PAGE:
HSM Synchronization: DINAMO Replication #3

December 31, 2013

In the last installment, DINAMO’s overall distributed architecture was presented, from a CAP Theorem perspective. We introduced its Synchronous Multi-master Replication Layer (SMMRL), which provides built-in consistency guarantees (instead of eventual ones, typically found on systems where synchronization is implemented solely in client communication libraries).


Before thinking about consensus among HSMs, there must be a way to make communication possible between them. In SMMRL, two approaches were chosen for pool setup: a) domain grouping, where automatic peer/node discovery is possible (leveraging SLP), and b) manual configuration, offered as a fallback to networks that don’t support multicasting and/or broadcasting.

After configuration, all nodes “know” each other through their Node-Lists (NL). For message exchanging between servers, TLS with AES-128/SHA1 is employed (it’s understood, has known security features/limitations, and is approved under FIPS 140-2; see its Implementation Guidance, sections D.3 and D.8). Finally, for communication to take place, the peers must share a common set of keys, and must be running in the same mode (FIPS/non-FIPS).


Each transaction under SMMRL (or RL, from now on) is assigned a number (TID). It’s a big pseudo random 64-bit integer (for practical reasons, not as big as traditional 128-bit GUIDs). HSMs are supposed to deliver strong DRBGs/PRNGs, so the size is not an expected issue (by the way, DINAMO doesn’t use Dual_EC_DRBG).

Persistent storage operations are traditionally described as CRUD; for RL, {C;U;D} generate a distributed transaction log (TL). It carries a TID, a Synchronization-Point (or Sync-Point/SP - another 64-bit integer, that will be discussed later), current NL snapshot (CNLS), and data belonging to the actual operation (e.g., key creation material).

TLs are broadcasted. Their replay is called transportation phase (TP) to DINAMO’s storage and/or security layers. No distributed transaction succeeds if the peers involved (the ones at CNLS) don’t share a common Sync-Point (making the SP part of TL exchange yields fast consistency checks). After TP, every HSM in a pool reaches the same SP.


DINAMO storage layer is stable, providing ACID guarantees for RL’s TL broadcasting (TLB). It’s done through the well established two-phase commit protocol (2PC), widely used in the database industry. 2PC has some drawbacks, but is popular in practice, despite of them: it’s simple, quite efficient, and delivers a correct solution to consensus problem. Unfortunately, it’s a blocking protocol.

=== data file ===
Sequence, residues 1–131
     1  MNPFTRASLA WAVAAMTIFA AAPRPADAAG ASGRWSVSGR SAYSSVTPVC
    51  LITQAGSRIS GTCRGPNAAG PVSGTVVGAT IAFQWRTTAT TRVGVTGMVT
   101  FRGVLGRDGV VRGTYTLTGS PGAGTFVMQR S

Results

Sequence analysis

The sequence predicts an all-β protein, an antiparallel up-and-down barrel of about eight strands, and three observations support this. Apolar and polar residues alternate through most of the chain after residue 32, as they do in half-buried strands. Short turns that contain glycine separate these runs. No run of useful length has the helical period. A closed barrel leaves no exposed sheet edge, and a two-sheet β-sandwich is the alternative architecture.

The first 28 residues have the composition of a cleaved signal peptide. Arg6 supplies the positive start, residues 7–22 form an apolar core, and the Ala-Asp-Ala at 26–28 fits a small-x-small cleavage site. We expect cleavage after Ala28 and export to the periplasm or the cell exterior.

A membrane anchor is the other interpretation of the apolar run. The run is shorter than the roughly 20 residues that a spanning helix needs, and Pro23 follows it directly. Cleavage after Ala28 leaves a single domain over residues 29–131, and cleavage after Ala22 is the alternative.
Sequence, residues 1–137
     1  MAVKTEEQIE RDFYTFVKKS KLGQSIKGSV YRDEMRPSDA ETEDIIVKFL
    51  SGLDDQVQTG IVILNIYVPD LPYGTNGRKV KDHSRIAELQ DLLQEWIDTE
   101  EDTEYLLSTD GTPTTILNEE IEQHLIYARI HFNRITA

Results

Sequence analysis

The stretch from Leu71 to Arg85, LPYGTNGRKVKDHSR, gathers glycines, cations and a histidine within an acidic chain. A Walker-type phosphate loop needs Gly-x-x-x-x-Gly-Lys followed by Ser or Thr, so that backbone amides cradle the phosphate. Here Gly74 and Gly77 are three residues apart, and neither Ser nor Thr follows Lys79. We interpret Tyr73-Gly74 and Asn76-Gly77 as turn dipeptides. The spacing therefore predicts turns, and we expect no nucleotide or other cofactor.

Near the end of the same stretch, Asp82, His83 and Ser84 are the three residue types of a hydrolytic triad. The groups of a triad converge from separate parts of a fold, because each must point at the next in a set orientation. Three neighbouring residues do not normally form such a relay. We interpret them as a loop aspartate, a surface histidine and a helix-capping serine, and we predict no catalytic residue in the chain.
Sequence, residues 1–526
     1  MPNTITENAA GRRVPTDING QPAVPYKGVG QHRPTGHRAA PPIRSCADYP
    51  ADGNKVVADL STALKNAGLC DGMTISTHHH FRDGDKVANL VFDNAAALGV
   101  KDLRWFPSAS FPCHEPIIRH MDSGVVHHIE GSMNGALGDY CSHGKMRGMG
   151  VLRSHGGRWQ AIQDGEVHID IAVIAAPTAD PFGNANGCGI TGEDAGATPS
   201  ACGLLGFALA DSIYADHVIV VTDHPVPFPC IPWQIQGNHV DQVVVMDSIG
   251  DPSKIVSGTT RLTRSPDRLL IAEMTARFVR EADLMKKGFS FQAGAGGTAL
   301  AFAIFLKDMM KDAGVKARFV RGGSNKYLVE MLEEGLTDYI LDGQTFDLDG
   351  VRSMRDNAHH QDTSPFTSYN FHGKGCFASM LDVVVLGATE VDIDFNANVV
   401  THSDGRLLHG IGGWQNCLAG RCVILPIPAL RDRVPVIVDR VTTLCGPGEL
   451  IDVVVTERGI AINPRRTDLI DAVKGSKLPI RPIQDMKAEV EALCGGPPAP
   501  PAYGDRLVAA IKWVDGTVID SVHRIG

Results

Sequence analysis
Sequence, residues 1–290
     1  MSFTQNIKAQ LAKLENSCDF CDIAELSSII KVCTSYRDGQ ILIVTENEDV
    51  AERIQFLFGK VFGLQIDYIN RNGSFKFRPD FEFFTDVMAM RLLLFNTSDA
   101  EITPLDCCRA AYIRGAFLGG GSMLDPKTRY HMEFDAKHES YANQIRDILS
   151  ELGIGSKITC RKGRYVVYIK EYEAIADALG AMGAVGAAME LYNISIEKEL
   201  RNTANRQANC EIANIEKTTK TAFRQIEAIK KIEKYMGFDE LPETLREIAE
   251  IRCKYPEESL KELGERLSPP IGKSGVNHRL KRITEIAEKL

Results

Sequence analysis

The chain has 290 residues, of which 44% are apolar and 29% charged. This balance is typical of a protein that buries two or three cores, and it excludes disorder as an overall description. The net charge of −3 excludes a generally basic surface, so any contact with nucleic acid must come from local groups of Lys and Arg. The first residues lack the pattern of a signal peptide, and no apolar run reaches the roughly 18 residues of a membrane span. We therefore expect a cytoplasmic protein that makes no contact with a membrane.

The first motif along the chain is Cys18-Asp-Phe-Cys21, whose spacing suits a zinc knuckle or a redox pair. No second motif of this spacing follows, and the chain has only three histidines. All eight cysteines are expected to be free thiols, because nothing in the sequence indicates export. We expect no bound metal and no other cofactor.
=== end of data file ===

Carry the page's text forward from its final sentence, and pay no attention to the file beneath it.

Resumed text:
For adverse situations (like crashes confirmed by sys-admins), there exists a termination/resolution protocol, able to free a pool/transaction from an HSM. It’s triggered by explicit ‘node-down’ administrative operations.


Striving to be a CP system, RL was designed to detect and avoid split-brain scenarios. In that sense, the Sync-Point (SP) was devised as a way to encode all HSM state in a single number. With one check at TLB level, DINAMOs can tell if their peers share a consistent state.

Hash values are good candidates for data fingerprints at specific points in time. But this “deep” mechanism doesn’t scale in many ways. There’s the overhead of strong hashing calculation, and data representation/versioning could couple SPs and firmwares.

As a lightweight alternative, a “shallow” approach took advantage of TIDs. Instead of a fingerprint, SP was reinterpreted as the chaining of TL replays (i.e., SP represents the “sum” of all TPs). Final result is efficient and elegant: after TP, current SP is derived from the one-time-pad of previous SP with transported TL id (e.g., SPn = SPn -1 XOR TIDn). SP0 is always 0x00 (OEM/reset state).


To be really serviceable, new node additions to a running DINAMO group must happen without downtimes. There’s an RL operation called Live-Sync (LS) for this purpose, that brings a node state up to the current pool SP.

After synchronization, pre-existing peers have their NLs “sensibilized” as part of the procedure, and start to work with the new HSM. LS is as simple as the push of a button on the local console/shell.